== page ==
Looking back, Bobby Hunt considers getting busted with drugs during his senior year of high school his rock bottom.

“It really made me open my eyes,” he said.

As a teenager, Hunt struggled with substance use disorder, using methamphetamines and various other drugs. He hung out with the wrong crowds and his addictive personality made it easy to slip in, he recalled.

Eventually, it was controlling his life. He slowly distanced himself from his friends and family. When he eventually checked into rehab, he remembers weighing a little over 100 pounds.

“I really kind of screwed my life up big time,” Hunt said.

When he hit rock bottom, he feared the future that may have been laid out in front of him. He confided in his mother, as well as a trusted teacher at Tunkhannock Area High School, about getting help.

Within a few days, he was off to White Deer Run for treatment, which changed his life for the better. After leaving there, he found a sponsor and continued his recovery journey while finishing up his high school studies.

After graduating from TAHS, Hunt attended the Marine Mechanic Institute in Orlando, Florida.

Now 22 and living in Atascadero, California, Hunt said the difference between his life then and now is like night and day.

“When you’re right in the middle of your addiction in the heat of everything, it seems like that’s all that matters and you can’t see your future at all,” he said. “Now I have such a full life. I love what I do at work and I’m learning new things all the time.”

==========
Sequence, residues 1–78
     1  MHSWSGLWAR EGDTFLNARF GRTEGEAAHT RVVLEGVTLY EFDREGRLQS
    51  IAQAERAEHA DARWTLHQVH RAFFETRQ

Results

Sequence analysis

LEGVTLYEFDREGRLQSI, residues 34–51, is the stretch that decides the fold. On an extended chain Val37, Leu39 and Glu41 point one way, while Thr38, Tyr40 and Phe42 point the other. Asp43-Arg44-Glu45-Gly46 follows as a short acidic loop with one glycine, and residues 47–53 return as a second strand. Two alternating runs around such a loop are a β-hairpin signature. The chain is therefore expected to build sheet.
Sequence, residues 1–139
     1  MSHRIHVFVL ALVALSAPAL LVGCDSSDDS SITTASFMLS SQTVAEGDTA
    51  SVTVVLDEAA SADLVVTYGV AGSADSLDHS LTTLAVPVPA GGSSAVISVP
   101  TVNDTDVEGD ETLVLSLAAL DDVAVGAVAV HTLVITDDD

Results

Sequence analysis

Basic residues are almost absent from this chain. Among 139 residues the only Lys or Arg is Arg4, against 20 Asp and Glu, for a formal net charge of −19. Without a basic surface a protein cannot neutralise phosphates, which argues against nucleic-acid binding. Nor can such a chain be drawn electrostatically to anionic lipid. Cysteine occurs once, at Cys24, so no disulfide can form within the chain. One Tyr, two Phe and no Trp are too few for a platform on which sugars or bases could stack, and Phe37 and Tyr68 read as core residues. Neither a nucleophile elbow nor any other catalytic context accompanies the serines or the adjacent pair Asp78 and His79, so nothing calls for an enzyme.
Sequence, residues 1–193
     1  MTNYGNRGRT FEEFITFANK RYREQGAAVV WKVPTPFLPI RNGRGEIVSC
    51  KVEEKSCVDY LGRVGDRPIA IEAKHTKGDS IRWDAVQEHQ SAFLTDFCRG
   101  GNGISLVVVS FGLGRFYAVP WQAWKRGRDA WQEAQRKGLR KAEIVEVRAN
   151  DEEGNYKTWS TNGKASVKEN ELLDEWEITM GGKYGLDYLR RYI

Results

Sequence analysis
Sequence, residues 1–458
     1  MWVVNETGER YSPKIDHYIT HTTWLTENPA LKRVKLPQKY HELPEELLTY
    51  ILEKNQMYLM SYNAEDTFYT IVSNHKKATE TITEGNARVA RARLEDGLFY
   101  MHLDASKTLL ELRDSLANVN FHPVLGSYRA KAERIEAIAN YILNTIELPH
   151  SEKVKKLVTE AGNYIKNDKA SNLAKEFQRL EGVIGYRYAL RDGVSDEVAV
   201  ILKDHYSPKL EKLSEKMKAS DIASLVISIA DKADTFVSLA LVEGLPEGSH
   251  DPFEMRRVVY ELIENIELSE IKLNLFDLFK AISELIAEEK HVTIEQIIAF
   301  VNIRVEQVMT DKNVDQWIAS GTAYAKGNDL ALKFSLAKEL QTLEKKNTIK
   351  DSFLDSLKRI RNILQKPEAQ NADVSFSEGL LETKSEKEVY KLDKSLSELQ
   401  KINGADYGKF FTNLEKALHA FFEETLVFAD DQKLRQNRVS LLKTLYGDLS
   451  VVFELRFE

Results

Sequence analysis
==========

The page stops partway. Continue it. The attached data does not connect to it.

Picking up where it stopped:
Hunt works as a full-time marine technician. He’s in the process of earning six certifications for different manufacturers as he paves his own way on the West Coast.

For others entering recovery, especially younger people, he said it can be difficult to break through the social aspect of it all and accept that you have a problem. He encouraged anyone who relates to his story to confide in the people closest to them.

Without his mother, sisters, friends and girlfriend at the time, he said he “definitely would not have made it through all that in one piece.”

“The sooner you can accept you have a problem and truly realize you need outside help, the sooner you can start taking the steps to getting yourself better,” Hunt said.

September is National Recovery Month. If you or someone you know is struggling with substance use disorder, call the Substance Abuse and Mental Health Services Administration National Helpline at 1-800-662-HELP.